Nov. 28 (Bloomberg) -- An Associated Banc-Corp unit agreed to pay $13 million to settle consumer lawsuits accusing the Wisconsin bank of illegally charging excessive overdraft fees, according to court papers.
Officials of Green Bay, Wisconsin-based Associated Bank N.A. also agreed to pay the funds to wipe out “all claims that were or could have been brought” over the bank’s overdraft policies, lawyers for accountholder Pamela Harris said today in a federal court filing in Miami. Overdraft suits filed across the U.S. have been consolidated in that court for pre-trial proceedings.
The settlement comes almost three weeks after Bank of America Corp., the second-largest U.S. bank by assets, won a judge’s approval of a $410 million settlement aimed at resolving similar claims over its overdraft policies.
“Since the settlement has not been approved and the lawsuit is still pending, we cannot comment beyond the statements” in court papers, Autumn Latimore, an Associated Banc-Corp spokeswoman, said in an e-mailed release.
Suits against more than 30 banks have been consolidated before U.S. District Judge James Lawrence King in Miami as part of a so-called multidistrict litigation. King has been overseeing pre-trial exchanges of information in the cases since June 2009. He still must give final approval to the Associated Bank accord.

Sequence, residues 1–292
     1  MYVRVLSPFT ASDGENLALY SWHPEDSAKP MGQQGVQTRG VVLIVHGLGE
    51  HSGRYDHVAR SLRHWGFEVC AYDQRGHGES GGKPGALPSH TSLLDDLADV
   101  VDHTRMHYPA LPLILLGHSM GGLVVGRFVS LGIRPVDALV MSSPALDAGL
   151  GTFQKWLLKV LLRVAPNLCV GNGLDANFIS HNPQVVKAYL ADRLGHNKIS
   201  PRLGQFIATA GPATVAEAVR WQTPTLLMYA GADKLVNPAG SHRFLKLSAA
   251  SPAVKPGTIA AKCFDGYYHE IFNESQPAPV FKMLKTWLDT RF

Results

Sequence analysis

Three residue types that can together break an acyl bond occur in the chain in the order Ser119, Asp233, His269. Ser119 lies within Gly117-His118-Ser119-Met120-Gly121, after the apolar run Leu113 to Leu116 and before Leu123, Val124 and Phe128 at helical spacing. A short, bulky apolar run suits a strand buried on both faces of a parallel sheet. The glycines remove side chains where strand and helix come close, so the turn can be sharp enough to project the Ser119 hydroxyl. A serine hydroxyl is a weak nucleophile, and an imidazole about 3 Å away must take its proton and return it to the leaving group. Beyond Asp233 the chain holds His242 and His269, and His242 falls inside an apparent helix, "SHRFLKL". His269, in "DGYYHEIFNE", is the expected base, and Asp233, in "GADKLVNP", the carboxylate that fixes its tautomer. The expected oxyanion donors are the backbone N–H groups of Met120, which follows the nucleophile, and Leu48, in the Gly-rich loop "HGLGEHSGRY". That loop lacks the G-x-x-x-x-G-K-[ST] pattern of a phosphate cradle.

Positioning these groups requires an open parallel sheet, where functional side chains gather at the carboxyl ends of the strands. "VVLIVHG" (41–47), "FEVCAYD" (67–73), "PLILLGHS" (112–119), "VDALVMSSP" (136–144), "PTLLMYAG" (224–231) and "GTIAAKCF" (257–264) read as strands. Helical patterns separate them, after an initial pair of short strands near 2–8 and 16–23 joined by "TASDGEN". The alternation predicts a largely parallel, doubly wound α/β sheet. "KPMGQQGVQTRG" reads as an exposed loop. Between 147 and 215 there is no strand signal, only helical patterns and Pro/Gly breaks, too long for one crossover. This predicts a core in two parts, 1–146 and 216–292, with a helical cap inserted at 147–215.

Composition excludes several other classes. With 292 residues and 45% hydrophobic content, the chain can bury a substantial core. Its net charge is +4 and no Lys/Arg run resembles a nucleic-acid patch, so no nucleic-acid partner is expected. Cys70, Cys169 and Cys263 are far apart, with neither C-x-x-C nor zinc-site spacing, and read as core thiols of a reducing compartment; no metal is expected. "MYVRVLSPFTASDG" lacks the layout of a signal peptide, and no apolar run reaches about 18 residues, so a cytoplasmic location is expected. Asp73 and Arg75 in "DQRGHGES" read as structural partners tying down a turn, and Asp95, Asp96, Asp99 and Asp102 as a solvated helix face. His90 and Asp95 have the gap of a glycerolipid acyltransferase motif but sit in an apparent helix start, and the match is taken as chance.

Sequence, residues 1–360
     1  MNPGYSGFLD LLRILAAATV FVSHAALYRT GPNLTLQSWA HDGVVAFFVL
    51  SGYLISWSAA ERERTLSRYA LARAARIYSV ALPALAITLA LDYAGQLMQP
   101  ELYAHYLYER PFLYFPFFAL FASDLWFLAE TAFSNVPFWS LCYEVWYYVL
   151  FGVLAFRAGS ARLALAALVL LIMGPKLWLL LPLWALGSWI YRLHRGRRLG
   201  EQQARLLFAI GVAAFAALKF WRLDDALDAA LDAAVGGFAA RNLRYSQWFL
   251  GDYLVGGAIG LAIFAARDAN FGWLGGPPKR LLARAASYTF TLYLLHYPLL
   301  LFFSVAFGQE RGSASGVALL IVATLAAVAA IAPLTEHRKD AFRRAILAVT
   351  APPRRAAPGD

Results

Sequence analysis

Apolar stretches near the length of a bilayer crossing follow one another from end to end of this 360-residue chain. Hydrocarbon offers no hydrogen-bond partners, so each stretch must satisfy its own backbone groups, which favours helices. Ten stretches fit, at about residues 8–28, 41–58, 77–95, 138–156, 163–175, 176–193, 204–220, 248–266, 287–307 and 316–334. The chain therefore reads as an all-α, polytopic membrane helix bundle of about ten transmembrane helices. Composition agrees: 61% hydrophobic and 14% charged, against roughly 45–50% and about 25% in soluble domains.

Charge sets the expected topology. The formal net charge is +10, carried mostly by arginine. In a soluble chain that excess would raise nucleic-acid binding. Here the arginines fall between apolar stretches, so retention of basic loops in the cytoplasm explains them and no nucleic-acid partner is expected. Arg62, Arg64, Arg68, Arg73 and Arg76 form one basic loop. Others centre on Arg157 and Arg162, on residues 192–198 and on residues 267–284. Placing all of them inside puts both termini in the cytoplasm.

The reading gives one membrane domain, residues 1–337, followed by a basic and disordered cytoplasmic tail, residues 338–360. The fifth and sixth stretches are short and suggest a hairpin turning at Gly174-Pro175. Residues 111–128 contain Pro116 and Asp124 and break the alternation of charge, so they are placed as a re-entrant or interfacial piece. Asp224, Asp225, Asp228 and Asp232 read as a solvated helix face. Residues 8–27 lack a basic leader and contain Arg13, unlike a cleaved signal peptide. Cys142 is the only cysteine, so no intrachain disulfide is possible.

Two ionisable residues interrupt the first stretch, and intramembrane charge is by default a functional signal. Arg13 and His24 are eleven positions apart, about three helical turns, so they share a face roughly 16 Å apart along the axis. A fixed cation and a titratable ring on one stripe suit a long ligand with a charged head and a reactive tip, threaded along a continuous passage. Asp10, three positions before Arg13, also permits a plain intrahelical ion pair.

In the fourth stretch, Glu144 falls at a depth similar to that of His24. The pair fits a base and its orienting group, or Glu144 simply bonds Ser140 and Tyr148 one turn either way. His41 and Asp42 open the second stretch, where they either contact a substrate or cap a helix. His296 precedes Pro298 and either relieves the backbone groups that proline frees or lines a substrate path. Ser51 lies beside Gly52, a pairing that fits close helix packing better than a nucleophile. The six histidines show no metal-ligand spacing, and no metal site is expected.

Consumers contend that banks, including Bank of America, JPMorgan Chase & Co., Wells Fargo & Co. and Associated had policies that allowed them to debit account holders’ funds in a way that made it more likely customers would incur overdraft fees.
Last year, the Federal Reserve imposed rules prohibiting lenders from automatically charging fees when consumers have insufficient funds for electronic or debit transactions.
Associated Bank customers alleged in the suits the bank wrongfully engineered the way it posted debit-card transactions to maximize the chances account holders incurred overdraft fees.
Last week, officials of BOK Financial Corp. agreed to pay $19 million to resolve an account holder’s state court suit over the overdraft fee policy at its Bank of Oklahoma unit.
More than a half dozen other banks have agreed to pay a total of $469 million to resolve identical overdraft cases as part of the consolidation before King and in other state courts.
The consolidated case is In re Checking Account Overdraft Litigation, 09-02036, U.S. District Court, Southern District of Florida (Miami).
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